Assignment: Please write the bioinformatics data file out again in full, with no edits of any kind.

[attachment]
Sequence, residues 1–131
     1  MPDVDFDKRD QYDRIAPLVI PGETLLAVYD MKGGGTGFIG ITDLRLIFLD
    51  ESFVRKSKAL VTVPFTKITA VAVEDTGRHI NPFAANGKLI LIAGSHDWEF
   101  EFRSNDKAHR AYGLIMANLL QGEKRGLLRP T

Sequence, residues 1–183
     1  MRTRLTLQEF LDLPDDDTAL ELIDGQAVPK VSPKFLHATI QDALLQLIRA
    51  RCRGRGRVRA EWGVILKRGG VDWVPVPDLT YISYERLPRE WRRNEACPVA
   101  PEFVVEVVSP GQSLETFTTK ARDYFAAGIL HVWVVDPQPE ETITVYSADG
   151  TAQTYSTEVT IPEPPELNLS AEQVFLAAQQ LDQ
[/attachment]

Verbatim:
Sequence, residues 1–131
     1  MPDVDFDKRD QYDRIAPLVI PGETLLAVYD MKGGGTGFIG ITDLRLIFLD
    51  ESFVRKSKAL VTVPFTKITA VAVEDTGRHI NPFAANGKLI LIAGSHDWEF
   101  EFRSNDKAHR AYGLIMANLL QGEKRGLLRP T

Sequence, residues 1–183
     1  MRTRLTLQEF LDLPDDDTAL ELIDGQAVPK VSPKFLHATI QDALLQLIRA
    51  RCRGRGRVRA EWGVILKRGG VDWVPVPDLT YISYERLPRE WRRNEACPVA
   101  PEFVVEVVSP GQSLETFTTK ARDYFAAGIL HVWVVDPQPE ETITVYSADG
   151  TAQTYSTEVT IPEPPELNLS AEQVFLAAQQ LDQ